However, this Silicone Valley is nothing to do with high technology.
During our walking tour, this story about the high-end residential street called Strahinjica Bana was most interesting.
In the 1990s, Serbia was hated by the international community and imposed economic sanctions.
Serbian people’s life at that time was really tough.
The inflation went up and up, so the government had to issue 500 billion dinar notes.
As soon as people received their salary, they exchanged it to Deutsche Mark.
Because the price went up every 6 hours, they literally ran to the money changers.
The average monthly salary was 5 DM while 1 litre of petrol cost 2 DM.
Because they could not trade with any other countries, they ran out of consumer goods and people queued for a long time to get a bottle of milk.
In this situation, the criminal organisation, which they called the Mafia, controlled the black markets.
They lived here in Strahinjica Bana.
Most of them wore “Diesel” jeans and, to show the logo, they tucked their shirts in to their jeans.
Or they wore very showy tracksuits and had big gold crosses hanging from their necks.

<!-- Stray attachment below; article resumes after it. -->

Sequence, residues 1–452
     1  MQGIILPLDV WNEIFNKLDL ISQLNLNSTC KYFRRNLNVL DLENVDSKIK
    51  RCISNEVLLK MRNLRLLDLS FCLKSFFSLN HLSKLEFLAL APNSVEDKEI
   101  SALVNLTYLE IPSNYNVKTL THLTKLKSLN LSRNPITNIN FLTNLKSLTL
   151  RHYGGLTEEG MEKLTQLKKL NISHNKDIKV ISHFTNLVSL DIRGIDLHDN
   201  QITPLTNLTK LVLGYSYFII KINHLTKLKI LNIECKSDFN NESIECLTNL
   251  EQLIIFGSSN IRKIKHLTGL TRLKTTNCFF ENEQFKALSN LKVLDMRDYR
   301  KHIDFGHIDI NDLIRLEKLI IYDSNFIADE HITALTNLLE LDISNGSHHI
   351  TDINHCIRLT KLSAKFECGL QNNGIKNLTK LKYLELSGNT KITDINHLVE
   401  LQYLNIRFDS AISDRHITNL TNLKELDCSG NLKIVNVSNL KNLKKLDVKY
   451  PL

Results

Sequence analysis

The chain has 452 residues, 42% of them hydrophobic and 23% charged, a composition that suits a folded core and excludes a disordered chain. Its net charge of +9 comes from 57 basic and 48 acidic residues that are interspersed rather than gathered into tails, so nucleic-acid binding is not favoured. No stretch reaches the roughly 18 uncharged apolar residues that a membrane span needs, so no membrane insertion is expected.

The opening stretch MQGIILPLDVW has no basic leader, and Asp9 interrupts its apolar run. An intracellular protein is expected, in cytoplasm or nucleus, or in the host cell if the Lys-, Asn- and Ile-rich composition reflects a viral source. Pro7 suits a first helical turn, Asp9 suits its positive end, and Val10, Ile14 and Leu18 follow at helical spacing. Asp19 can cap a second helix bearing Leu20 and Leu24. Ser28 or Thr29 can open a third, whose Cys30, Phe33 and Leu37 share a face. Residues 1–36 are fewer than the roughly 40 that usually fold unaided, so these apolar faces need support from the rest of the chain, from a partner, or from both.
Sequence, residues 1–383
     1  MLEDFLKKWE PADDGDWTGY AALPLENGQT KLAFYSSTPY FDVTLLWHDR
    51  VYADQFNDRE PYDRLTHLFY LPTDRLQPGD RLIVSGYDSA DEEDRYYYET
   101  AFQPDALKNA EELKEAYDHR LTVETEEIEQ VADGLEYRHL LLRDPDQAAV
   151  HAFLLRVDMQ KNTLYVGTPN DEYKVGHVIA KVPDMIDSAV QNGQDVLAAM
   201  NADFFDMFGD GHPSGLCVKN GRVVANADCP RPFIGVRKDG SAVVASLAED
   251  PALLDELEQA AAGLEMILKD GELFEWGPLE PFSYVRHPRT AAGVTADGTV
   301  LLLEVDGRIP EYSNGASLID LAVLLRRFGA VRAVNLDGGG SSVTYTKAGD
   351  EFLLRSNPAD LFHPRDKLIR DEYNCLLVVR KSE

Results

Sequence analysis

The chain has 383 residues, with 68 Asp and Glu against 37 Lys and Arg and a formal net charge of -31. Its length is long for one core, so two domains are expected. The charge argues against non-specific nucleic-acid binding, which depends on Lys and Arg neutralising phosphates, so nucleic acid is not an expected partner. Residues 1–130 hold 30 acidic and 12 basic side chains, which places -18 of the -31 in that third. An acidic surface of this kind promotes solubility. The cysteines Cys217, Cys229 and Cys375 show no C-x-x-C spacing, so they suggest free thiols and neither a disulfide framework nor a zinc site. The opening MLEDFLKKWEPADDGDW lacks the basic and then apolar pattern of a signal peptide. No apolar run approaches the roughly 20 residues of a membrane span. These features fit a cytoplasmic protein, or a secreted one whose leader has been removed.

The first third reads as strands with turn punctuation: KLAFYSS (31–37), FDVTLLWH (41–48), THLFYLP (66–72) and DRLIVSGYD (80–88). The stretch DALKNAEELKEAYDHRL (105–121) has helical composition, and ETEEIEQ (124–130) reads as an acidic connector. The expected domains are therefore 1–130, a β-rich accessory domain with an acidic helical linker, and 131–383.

They drove Porsches and often had blond girlfriends.
All of these blond women had large breasts but most of them were not natural, but made of silicone.
That is why this street was called ‘Silicone Valley”.
The serious story ending like this made me laugh.
In the 2000s, the country opened again so the black markets disappeared. On top of that, many of the members of the Mafia killed each other, so Mafias gradually disappeared.
But Tamara, our guide, said “Some of the surviving Mafia changed clothes from tracksuits to business suits and became businessmen”.
Actually, I saw a big Ferrari at a car park that afternoon and I thought this could be the one of those ‘businessmen’.
They not only upgraded their clothes, but also their cars.
At the beginning of the story of Serbia’s modern history, Tamara talked about the time of Tito a little.
She said that people were very happy then.
With a Yugoslavian passport, people could travel to the East and to the West without any visas, so it was the most commonly stolen passport in the world.
She said “In those days, with one person’s income, one could buy three large flats with furniture”.
People had a huge expectation when the country became democratic but, so far, they are not as happy as they were during the time of Tito, she said.
She was not so old as to enjoy the happiness of the era of Tito herself, so she has probably been told by her parents about that.
In fact, we heard similar things from other people, too, so maybe this is their current national opinion.